A computer virus attacked a turbine control system at a U.S. power company last fall when a technician unknowingly inserted an infected USB computer drive into the network, keeping a plant off line for three weeks, according to a report posted on a U.S. government website.
The Department of Homeland Security report did not identify the plant but said criminal software, which is used to conduct financial crimes such as identity theft, was behind the incident.
It was introduced by an employee of a third-party contractor that does business with the utility…
In addition to not identifying the plants, a DHS spokesman declined to say where they are located.
Justin W. Clarke, a security researcher…noted that experts believe Stuxnet was delivered to its target in Iran via a USB drive. Attackers use that technique to place malicious software on computer systems that are “air gapped,” or cut off from the public Internet.
“This is yet another stark reminder that even if a true ‘air gap’ is in place on a control network, there are still ways that malicious targeted or unintentional random infection can occur,” he said.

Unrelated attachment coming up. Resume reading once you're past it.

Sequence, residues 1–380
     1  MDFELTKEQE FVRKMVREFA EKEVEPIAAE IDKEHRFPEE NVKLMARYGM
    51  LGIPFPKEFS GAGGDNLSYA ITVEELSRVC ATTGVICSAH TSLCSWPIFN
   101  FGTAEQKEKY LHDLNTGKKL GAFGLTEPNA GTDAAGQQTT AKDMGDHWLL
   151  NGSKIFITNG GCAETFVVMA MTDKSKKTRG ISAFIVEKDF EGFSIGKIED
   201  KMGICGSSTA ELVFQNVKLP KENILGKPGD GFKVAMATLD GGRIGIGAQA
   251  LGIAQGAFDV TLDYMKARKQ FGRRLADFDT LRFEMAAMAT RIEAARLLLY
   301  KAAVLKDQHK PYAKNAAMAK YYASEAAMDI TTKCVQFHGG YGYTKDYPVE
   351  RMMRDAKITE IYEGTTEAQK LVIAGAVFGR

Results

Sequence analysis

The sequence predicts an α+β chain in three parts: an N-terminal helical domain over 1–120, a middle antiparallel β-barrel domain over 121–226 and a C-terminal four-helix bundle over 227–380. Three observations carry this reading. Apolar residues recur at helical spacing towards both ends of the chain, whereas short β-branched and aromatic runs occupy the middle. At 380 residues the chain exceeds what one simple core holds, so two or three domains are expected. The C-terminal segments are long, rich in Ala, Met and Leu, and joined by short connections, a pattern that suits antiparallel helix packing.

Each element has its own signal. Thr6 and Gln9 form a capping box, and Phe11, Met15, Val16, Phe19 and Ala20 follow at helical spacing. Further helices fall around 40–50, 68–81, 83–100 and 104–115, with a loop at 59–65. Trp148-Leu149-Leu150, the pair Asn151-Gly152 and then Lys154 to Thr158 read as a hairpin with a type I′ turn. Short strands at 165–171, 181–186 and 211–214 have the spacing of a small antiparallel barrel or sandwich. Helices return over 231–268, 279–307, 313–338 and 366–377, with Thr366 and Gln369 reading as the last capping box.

Yes, you can rely on human beings to do something dumb!
Many critical infrastructure control systems run on Windows XP and Windows 2000, operating systems that were designed more than a decade ago. They have “auto run” features enabled by default, which makes them an easy target for infection because malicious software loads as soon as a USB is plugged into the system unless operators change that setting, Clarke said…
A DHS spokesman could not immediately be reached to comment on the report.
The largest single category of so-called hacking attacks – which had nothing to do with hacking, of course – was spearphishing emails sent to specific employees of public utilities. The emails including a suggestion to “click here” for more information. They did.